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Alberta announces $16M to repair, restore government-owned affordable housing facilities


The provincial government has announced $16 million in funding to help battle Alberta's housing crisis.


Jason Nixon, Alberta's minister of seniors, community and social services, made the announcement in Calgary on Wednesday afternoon, saying the money will be used for repair and maintenance of government-owned affordable housing facilities that are not in use. 


The $16 million announced Wednesday afternoon is in addition to the $94 million already earmarked for maintenance funding.


"We know the need for affordable housing continues to grow," he said. 


"By revitalizing outdated units, we are providing safe, stable homes for Albertans in need."


The province says the investment in existing units will ensure Albertans have access to affordable housing within their budget, "now and into the future."


The funding will pay for things like replacing windows and repairing roofs, as well as improving the interiors of the buildings.


"This will bring on something in the neighbourhood of hundreds of new spaces for people to be able to utilize in our province," Nixon said. 


The province says it is already working with housing providers to identify priority projects.


Arlene Adamson, president of the Alberta Seniors and Community Housing Association, says the funding will play a vital role in maintaining existing properties.


Gord Johnson, CEO of Edmonton affordable housing operator Civida, says the funding comes at a time when Alberta’s population is rapidly growing, increasing the need for all housing, particularly community and mixed-income housing options.


On Wednesday, Prime Minister Justin Trudeau announced the "first of many" municipal agreements under the federal government's Housing Accelerator Fund, a small-scale step that the Liberals are framing as an example of how they plan to tackle the issue that's become so pressing for many Canadians.


The $74-million deal with London, Ont., will fast-track the creation of more than 2,000 housing units over the next three years, and build thousands more in the years following.


The Liberals say it is part of a promised multi-pronged housing strategy to be illuminated in the months ahead.


These housing units will include high-density development without the need for re-zoning, and clear the way for more development of duplexes, triplexes and small apartment buildings close to public transit on city land, according to the government.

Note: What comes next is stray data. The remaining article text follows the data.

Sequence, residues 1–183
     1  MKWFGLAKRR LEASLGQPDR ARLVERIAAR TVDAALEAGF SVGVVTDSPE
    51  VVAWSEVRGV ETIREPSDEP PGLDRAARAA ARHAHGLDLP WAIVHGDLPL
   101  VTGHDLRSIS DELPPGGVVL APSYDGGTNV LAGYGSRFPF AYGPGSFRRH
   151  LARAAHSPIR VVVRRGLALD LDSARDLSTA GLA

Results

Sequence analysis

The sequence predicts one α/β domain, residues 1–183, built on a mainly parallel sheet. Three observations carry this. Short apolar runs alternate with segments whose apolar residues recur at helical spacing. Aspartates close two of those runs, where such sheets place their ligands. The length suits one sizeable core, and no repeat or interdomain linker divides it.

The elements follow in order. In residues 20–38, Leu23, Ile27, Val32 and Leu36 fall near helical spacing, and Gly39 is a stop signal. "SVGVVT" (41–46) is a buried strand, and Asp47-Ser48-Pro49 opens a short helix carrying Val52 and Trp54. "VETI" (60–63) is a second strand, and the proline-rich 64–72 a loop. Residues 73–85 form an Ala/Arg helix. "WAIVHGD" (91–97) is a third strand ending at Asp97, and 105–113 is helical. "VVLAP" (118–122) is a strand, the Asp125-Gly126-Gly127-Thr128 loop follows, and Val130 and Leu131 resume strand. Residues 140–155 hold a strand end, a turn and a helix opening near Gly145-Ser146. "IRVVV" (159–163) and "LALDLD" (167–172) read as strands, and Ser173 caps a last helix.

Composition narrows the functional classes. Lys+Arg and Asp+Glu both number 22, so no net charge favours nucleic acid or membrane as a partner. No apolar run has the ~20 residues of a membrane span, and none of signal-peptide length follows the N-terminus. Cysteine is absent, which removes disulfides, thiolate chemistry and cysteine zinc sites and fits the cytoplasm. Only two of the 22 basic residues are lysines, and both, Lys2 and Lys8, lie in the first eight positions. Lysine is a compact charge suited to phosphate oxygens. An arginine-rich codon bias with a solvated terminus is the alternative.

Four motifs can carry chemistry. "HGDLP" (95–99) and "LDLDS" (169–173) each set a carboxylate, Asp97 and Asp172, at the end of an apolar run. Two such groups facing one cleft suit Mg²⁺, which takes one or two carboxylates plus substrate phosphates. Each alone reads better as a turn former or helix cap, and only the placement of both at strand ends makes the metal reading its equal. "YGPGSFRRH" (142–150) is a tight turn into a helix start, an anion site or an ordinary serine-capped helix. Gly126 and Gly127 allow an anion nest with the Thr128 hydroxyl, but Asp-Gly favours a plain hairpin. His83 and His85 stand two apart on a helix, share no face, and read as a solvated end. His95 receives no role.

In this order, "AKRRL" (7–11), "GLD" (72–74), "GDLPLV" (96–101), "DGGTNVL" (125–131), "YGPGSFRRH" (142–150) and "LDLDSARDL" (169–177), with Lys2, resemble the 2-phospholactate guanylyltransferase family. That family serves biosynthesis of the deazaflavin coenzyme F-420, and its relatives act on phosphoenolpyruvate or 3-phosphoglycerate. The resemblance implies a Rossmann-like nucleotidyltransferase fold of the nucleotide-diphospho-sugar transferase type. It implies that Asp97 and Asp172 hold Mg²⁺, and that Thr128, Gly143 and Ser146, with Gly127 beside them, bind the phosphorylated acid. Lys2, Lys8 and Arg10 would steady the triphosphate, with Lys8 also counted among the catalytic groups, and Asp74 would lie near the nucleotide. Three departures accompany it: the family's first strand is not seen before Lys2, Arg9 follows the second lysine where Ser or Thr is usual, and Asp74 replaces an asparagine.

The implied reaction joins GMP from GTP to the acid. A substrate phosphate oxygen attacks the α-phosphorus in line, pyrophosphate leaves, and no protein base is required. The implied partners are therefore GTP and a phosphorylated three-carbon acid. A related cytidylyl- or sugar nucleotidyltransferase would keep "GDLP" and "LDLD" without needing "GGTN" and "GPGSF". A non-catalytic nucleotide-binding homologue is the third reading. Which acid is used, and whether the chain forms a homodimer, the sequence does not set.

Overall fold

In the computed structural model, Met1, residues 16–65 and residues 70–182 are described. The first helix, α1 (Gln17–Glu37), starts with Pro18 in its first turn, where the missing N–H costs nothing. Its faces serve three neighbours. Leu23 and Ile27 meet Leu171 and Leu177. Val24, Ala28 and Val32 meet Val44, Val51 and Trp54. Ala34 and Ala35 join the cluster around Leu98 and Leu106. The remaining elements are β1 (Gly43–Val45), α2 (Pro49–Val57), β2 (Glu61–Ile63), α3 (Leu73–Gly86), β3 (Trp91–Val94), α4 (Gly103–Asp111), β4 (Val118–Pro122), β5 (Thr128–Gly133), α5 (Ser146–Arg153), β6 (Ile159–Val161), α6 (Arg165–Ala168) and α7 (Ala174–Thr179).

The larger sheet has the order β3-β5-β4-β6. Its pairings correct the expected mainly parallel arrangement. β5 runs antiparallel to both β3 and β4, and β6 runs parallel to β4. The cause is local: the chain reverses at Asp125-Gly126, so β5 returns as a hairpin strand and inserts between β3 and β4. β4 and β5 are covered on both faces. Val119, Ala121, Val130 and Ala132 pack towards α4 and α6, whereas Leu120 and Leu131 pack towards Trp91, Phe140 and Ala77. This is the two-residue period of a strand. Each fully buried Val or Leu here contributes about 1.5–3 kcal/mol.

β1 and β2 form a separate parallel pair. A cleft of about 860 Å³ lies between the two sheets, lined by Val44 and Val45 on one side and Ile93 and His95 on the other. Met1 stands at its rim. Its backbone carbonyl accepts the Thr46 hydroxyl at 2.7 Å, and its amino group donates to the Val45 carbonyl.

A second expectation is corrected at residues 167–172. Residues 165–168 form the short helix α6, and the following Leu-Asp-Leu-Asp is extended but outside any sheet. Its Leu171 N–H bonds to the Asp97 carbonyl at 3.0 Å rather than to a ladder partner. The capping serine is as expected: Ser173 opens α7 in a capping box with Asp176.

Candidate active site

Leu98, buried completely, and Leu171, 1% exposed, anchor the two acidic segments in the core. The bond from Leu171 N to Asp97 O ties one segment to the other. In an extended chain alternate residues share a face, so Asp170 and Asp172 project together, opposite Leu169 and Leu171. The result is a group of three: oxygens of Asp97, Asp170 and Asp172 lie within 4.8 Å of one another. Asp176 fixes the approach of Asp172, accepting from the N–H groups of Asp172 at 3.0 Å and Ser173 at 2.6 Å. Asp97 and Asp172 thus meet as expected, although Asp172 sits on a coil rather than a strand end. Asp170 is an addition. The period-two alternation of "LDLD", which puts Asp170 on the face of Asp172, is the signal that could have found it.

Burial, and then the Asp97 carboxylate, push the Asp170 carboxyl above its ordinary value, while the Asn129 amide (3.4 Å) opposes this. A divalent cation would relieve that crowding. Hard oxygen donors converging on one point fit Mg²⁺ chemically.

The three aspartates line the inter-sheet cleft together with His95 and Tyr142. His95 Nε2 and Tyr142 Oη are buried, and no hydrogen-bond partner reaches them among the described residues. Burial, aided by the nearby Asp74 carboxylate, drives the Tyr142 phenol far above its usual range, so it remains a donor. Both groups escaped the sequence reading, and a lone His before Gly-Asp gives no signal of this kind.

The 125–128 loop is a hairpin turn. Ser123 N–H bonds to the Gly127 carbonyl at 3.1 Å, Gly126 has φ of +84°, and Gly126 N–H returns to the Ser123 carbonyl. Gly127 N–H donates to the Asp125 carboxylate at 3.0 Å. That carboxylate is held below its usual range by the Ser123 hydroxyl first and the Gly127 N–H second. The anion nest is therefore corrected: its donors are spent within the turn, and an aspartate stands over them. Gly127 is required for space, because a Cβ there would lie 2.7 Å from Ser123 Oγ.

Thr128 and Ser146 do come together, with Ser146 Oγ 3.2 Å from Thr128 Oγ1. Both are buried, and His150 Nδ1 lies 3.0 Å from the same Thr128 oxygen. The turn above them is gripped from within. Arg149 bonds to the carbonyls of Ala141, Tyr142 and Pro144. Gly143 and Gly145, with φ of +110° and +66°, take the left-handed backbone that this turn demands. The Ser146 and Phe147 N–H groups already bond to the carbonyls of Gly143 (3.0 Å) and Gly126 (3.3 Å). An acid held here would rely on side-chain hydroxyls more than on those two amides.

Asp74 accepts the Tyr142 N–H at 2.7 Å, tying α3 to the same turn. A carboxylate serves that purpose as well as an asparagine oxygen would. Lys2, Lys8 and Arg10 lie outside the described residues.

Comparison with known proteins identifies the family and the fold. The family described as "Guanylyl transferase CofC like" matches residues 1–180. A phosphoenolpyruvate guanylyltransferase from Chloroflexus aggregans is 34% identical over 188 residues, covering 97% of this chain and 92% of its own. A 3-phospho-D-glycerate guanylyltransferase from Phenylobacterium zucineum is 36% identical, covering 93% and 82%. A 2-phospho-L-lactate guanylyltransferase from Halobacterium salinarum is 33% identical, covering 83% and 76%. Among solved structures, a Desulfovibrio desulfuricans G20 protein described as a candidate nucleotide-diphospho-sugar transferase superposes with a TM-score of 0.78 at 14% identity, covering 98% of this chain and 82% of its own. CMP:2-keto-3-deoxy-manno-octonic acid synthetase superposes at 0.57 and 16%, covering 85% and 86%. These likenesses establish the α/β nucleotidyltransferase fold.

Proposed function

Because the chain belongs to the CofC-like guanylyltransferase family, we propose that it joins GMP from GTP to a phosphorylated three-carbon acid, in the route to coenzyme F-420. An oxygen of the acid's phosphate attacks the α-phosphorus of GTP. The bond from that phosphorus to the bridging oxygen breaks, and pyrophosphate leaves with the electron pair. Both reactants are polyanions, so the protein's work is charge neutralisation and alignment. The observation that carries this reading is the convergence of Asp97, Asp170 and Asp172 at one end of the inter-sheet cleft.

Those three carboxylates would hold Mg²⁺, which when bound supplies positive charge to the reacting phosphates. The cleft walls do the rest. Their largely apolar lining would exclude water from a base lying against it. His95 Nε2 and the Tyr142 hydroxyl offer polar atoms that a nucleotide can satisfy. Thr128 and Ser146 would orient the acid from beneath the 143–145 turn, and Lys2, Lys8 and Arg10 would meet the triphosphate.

Through the Housing Accelerator Fund, the government is targeting the creation of 100,000 net new housing units across Canada by incentivizing municipalities to cut red tape by updating their zoning and permit systems to allow for speedier construction of residential properties. 


Wednesday's announcement comes as Calgary's city council prepares to discuss ways to alleviate Calgary's housing crisis.


According to the latest figures released by the city, the average cost to rent a home in Calgary has grown by 40 per cent since 2020, and the price of a detached home has increased by 37 per cent.


Using the recommendation that no one spends more than 30 per cent of their salary on housing, the annual income needed to purchase a detached home would exceed $155,000, according to Calgary's 2023 Housing Needs Assessment. 


The city also held a grand opening for a 45-unit affordable housing townhome project in the community of Seton on Wednesday.


It was funded through private donors and all three levels of government. 


"I think there is a lot to be said about all three orders of government right now focusing on housing, and specifically using the word housing crisis because that is what we are in," said Mayor Jyoti Gondek.


While there are affordable housing projects in the works in Calgary, some say there aren't enough to keep up with demand.


"Ultimately, we need more housing," said Tim Ward, Calgary's manager of housing solutions, last week. "We need more market housing and we need a diversity of housing choices as well."


Ward 11 Coun. Kourtney Penner says there hasn't been enough action on affordable housing.


"This is the city putting their hand up and saying, 'We're ready and we're willing to take action and we're ready to start it now,'" she said last week.


On Thursday, members of Calgary's Community Development Committee will review the 2024-2030 housing strategy, hearing public feedback on a list of about 80 recommendations to try and increase housing supply and offer more affordable options.


More than 120 people are already signed up to speak at the meeting, which is expected to stretch well into Friday.


With files from Jordan Kanygin, Austin Lee and Rachel Aiello, CTV News Top Stories

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